Canterbury Park Holding Corporation (NASDAQ:CPHC) today announced financial results for the fourth quarter and year ended December 31, 2010.
Results for the Quarter Ended December 31, 2010
The Company’s net revenues in the fourth quarter were $8.7 million, up 7.2% from revenues of $8.1 million during the same period in 2009. The Company reported net income of $161,279, or $.04 net earnings per share, for the 2010 fourth quarter, compared to a net loss of $99,100, or a $.02 net loss per share in the same 2009 period.
Results for the Year Ended December 31, 2010
The Company’s net revenues in 2010 were $39.9 million, up $0.3 million, or 0.8%, from 2009 net revenues of $39.6 million. This increase was due to a 9.9% increase in Card Casino revenues that was largely offset by a 10.2% decrease in pari-mutuel revenues and a 1.3% decrease in concession revenues. Operating expenses in 2010 exceeded revenues, increasing 4.7% to $41.2 million in 2010, primarily due to increases in federal and state tax charges related to salaries and benefits, increased expenditures in support of legislation that would authorize electronic gaming devices at the Racetrack, and a one-time charge of $909,540 due to the write-off of assets disposed of in remodeling our Card Casino. The Company experienced a net loss in fiscal 2010 of $992,206, or a net loss of $.25 per share, compared to net income of $60,970 in 2009, or $0.02 earnings per share.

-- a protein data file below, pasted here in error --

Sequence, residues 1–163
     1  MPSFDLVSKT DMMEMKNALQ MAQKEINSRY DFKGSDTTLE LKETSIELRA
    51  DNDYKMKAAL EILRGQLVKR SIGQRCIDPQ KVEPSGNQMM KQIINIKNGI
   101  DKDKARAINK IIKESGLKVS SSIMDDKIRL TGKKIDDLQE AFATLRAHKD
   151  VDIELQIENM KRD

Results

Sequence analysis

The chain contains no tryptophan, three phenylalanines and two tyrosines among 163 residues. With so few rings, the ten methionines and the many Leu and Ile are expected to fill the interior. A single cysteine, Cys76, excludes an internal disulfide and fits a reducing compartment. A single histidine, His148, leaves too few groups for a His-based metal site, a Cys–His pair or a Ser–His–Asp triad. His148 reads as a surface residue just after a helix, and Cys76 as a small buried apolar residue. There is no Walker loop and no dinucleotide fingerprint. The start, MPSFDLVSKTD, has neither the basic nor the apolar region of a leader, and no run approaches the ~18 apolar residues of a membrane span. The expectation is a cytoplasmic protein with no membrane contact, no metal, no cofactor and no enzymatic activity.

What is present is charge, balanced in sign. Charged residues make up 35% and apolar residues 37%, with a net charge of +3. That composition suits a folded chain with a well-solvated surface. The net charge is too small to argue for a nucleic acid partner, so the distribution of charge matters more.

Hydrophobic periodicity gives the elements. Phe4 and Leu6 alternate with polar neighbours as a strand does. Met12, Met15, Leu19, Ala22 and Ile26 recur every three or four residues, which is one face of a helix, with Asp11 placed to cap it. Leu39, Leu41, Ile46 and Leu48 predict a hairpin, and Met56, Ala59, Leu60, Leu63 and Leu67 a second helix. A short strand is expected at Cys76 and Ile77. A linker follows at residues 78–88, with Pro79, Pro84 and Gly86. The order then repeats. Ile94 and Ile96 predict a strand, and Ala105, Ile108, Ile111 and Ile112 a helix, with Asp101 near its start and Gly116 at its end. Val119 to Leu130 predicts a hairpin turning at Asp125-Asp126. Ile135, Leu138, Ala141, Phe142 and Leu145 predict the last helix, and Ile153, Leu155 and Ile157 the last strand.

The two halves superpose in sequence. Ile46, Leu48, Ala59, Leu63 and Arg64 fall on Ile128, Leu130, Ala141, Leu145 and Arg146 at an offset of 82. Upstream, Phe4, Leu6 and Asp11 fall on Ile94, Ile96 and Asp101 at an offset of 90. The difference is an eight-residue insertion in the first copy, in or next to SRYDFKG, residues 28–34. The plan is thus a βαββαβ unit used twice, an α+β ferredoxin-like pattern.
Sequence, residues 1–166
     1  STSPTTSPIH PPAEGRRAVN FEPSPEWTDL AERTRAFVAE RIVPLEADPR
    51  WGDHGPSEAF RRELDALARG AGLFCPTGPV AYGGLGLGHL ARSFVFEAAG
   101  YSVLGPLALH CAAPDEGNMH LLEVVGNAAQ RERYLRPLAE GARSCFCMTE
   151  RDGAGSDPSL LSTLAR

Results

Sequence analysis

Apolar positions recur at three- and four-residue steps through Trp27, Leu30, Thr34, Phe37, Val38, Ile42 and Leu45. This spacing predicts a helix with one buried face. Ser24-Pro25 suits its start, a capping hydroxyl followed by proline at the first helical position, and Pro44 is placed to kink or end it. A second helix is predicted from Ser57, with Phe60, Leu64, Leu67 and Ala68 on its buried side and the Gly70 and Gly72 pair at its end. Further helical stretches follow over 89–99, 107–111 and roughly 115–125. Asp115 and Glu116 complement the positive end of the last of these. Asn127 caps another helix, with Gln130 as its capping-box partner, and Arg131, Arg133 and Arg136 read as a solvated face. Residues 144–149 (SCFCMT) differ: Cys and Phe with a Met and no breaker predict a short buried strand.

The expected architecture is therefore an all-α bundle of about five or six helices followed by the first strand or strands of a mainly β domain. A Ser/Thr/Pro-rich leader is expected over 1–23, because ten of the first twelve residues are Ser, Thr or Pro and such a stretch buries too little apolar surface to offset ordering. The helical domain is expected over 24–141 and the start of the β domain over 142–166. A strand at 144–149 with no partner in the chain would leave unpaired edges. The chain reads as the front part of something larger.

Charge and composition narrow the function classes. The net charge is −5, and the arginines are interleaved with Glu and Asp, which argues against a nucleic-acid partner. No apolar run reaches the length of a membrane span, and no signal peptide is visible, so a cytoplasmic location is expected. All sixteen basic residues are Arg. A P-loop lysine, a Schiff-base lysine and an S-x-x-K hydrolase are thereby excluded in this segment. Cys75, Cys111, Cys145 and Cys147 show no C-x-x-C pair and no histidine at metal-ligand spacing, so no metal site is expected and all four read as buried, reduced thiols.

Further financial results for the fourth quarter and year ended December 31, 2010 are presented in the accompanying table, and additional information will be provided in the Company’s Form 10-K Report that will be filed on March 31, 2011 with the Securities and Exchange Commission.
Randy Sampson, Canterbury Park’s President and Chief Executive Officer, commented: “We are encouraged by the increase in revenue from our Card Casino due largely to the extensive remodeling project we completed in April 2010. As a result, the Company finished with a profitable fourth quarter and experienced its best net earnings since the first quarter of 2009. The increase in Card Casino revenues was, however, offset by the decline in revenues from horse racing due to poor economic conditions and the continuing growth in illegal Internet wagering on horse races by Minnesota residents. While we believe our major renovation of the Card Casino was a positive step as demonstrated by the increase in our revenues, this action required the disposal and write-off of card room assets that were not fully depreciated and which had a remaining net book value of $909,540. This resulted in a further and significant negative impact on our year-end results.”